But for hoteliers with passion, it’s “very hard” not to have guests in hotels, said Thomas Willms, CEO of Deutsche Hospitality, which is owned by China’s Huazhu Group.
“If we open our hotels [the chain has some 120 hotels, most of them closed], we’re not talking about a 70 percent occupancy [but] 10, 15, 25 percent occupancy. As you and I know, for hotels below 50 percent occupancy, it’s hard to make a profit,” he said in a recent webinar organized by PKF hotelexperts. “So it’s more about reducing losses and bringing back loyal guests.”
Sukosol, whose family has owned/run hotels since 1975, is one passionate hotel owner. She thinks of the staff. The company has taken measures such as voluntary unpaid leave and axing probationary and outsourced staff, but “if we have to close longer, we have to make difficult decisions, which weigh heavily on our hearts.”
By reopening when there is a window, there is at least income to pay salaries, she said. It also seems the humane thing to do for staff, added Sukosol, who believes people want to work and feel bad being paid to stay home. “It’s important to give people hope and lift their morale. People want to be productive.”
“You also don’t want to lose your loyal customers to other hotels that have reopened if you stay close,” she added.
Windows of Opportunity
In Thailand, the windows of opportunity for hotels to reopen presently are in drive destinations such as Pattaya, Hua Hin, Khao Yai, Jomtien and Kanchanburi, said Jonathan Wigley, founder and CEO of Absolute Hotel Services Group, which manages more than 30 hotels in Asia.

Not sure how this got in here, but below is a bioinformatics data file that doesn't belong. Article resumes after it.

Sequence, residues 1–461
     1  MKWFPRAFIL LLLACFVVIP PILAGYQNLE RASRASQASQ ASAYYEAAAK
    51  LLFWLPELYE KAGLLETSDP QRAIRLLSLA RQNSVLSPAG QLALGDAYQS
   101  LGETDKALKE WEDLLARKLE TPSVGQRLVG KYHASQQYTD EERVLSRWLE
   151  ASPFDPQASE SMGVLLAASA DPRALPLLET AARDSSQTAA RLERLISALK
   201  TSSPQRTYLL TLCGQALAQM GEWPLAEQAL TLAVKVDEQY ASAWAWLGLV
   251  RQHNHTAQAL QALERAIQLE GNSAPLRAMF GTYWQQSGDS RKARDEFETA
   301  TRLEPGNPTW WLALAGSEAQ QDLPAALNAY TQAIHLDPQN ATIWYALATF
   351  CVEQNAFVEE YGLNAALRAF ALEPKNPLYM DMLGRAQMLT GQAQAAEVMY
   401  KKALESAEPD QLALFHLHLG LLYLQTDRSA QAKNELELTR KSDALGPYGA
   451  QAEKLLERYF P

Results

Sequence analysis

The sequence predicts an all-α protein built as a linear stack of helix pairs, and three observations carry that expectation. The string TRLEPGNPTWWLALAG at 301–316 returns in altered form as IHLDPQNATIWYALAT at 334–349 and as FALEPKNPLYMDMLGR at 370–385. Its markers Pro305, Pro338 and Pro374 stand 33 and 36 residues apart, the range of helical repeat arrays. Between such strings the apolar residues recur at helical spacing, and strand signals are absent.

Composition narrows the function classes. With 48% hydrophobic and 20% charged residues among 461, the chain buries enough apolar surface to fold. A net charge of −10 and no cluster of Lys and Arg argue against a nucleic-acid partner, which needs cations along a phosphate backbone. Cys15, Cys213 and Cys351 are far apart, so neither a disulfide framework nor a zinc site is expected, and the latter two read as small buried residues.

The group dipped its toes into unlocking in early May when it reopened 50 rooms out of 194 rooms in its Eastin Thana City Golf Resort Bangkok, following a relaxation of curfews in the capital.
The “calculated risk” paid off, said Wigley, as only two of the six buildings that made up the property were reopened while centralized services for golf, sports and hotel made the move financially viable.
“There was pent-up demand from Bangkok-based residents. We had 180 golfers a day in the first two days, compared to an average of 300 a day, but that’s not abnormal considering social distancing precautions,” said Wigley.
The hotel will be fully reopened on June 12. The chain is also unlocking seven other hotels next month and all properties by August, including those in Thailand, Vietnam, Indonesia and India.
Wigley said his company prepared for reopening as soon as it closed hotels. “We got our team to work on two things: one, promotional plans to reopen, without dates, by brand and by individual properties; and two, work with our global hygiene partner, Diversey, to develop a We Care hygiene program and train staff,” he said.
Asked how he sets rates, Wigley said, “We won’t be making longterm pricing adjustments. What we want to do is run short, intense promotions, say available only for 48 hours, to gauge market sentiments and adapt. We [Absolute Hotel Services] will fund these activities, not our asset owners.”
The group is also going ahead with opening four new hotels in Vietnam between June and September.
“In the short term, the sunniest skies in Southeast Asia for tourism are in Vietnam. It has a huge population who love to travel in their own country. Second sunniest is Indonesia, again because it has good domestic demand with 12 cities having over a million people. Thailand has only one city with over a million population, Bangkok, and relies heavily on airlift, except for those drive destinations,” said Wigley.
Which is reason why Phuket hotels have virtually given up hope on any summer season traffic from Europe, winter season arrivals from Australia and a growing China market in July and August, wrote Bill Barnett, managing director C9 Hotelworks based in Phuket, describing the aviation authority’s decision to delay the Phuket airport’s reopening indefinitely as “the single biggest setback.”
Looks like Phuket hotels will be hibernating until October.
Photo credit: Private residence at The Siam, Bangkok. Sukosol Hotels